He was always smiling but if the Chicago White Sox third baseman knew the fate that awaited him during the prime of his career, George “Buck” Weaver might not have been so cheery.
A rare 8×10 news photo of the affable White Sox third baseman, taken during the 1919 Chicago White Sox season, is our Photo of the Day. It’s among more than 350 photos up for auction through Sunday at RMY Auctions.com
Weaver, one of the ‘Eight Men Out’, was banned from baseball not for playing to lose, but for knowing his teammates were planning to do so and not telling owner Charles Comiskey. Some of his teammates, fed up with Comiskey, hatched the plan with gamblers. Weaver listened, but his .324 Series average and perfect fielding were evidence he chose not to go in on it.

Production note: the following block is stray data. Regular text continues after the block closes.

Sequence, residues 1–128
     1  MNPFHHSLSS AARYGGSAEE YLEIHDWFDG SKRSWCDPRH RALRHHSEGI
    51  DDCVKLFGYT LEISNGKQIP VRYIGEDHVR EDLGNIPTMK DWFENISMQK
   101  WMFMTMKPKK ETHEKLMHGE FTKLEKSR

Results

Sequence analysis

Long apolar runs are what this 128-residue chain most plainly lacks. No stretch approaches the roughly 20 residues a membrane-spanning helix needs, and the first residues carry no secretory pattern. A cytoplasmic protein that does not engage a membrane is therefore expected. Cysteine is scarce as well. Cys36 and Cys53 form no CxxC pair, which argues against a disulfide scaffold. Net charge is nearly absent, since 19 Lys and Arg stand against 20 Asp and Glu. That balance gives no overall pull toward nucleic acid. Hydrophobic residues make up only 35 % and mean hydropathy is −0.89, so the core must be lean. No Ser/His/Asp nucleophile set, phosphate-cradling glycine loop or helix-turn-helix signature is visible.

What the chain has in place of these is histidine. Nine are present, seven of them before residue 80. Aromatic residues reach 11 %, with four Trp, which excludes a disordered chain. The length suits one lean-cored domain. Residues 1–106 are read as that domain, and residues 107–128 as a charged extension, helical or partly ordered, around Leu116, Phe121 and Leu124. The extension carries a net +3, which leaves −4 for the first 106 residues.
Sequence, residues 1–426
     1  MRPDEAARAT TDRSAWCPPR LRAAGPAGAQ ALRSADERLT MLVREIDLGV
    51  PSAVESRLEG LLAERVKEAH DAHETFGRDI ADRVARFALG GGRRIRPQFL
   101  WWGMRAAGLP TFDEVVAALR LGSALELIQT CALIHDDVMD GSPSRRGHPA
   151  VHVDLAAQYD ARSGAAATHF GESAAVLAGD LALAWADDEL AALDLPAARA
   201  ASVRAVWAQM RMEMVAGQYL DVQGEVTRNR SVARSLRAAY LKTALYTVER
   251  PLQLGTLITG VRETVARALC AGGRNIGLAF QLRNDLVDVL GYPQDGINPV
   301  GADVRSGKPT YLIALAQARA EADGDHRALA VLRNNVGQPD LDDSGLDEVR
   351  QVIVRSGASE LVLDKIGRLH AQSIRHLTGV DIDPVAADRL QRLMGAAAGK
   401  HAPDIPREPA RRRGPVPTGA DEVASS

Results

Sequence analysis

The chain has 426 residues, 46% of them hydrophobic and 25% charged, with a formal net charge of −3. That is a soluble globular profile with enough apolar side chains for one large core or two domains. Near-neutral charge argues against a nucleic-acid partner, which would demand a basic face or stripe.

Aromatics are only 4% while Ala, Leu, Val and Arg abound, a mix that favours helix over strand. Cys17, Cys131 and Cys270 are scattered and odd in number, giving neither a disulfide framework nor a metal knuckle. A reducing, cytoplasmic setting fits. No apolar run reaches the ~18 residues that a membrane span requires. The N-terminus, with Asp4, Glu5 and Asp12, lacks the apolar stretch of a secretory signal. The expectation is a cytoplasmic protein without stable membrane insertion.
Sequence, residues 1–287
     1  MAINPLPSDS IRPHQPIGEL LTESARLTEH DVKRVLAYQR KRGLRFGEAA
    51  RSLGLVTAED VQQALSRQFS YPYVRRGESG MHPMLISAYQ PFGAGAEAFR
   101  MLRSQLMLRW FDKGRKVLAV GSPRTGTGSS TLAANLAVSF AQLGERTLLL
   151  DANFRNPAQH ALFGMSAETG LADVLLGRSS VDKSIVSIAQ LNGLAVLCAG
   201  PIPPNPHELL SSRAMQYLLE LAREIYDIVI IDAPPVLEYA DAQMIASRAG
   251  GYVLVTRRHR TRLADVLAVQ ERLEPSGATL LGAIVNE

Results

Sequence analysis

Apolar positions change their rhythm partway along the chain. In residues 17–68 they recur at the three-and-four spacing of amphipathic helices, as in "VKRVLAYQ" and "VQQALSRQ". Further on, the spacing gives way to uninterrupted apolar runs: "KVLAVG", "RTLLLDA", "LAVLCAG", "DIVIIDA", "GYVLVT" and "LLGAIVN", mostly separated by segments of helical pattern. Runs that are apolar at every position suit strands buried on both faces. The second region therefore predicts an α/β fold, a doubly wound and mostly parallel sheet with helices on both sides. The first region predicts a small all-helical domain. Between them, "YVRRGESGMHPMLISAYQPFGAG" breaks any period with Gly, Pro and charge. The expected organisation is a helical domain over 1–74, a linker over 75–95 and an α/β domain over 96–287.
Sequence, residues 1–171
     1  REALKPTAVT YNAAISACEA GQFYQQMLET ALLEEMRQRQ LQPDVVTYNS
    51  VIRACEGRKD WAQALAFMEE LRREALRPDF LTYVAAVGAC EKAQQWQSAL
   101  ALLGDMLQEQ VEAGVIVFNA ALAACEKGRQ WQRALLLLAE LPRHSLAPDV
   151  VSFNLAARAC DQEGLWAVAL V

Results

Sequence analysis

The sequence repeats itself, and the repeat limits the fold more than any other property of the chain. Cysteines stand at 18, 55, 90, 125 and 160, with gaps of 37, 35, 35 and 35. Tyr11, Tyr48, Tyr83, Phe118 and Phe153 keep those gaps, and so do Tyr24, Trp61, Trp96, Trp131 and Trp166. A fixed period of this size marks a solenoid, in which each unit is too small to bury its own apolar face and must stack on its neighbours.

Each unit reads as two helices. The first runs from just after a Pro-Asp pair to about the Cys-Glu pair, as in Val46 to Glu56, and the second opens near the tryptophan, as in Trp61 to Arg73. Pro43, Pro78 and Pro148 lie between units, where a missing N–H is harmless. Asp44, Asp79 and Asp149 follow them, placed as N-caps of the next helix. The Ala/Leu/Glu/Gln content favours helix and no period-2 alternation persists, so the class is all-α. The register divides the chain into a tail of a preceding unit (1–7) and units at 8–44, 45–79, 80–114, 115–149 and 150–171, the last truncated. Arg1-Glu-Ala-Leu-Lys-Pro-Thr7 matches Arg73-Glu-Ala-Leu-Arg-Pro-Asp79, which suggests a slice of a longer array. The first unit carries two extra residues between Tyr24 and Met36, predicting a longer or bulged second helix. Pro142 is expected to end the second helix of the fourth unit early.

“Though they are hopeless and heartless, the White Sox have a hero,” typed one writer for the Cincinnati Post after the 1919 Series. “He is George Weaver, who plays and fights at third base. Day after day Weaver has done his work and smiled. In spite of the certain fate that closed about the hopes of the Sox, Weaver smiled and scrapped. One by one his mates gave up. Weaver continued to grin and fight harder.”
Despite the growing storm as the 1920 season played out, Weaver was brilliant. He had signed a three-year, $7,250 contract with Comiskey and proved worthy by having his best season, with a .331 average and 208 hits, leading the Sox to a second straight pennant.
Weaver had widespread support for his notion that he hadn’t participated in the fix but by banning him at age 31, Commissioner Kenesaw Mountain Landis had made a statement: stay silent about gambling influences and pay the ultimate price.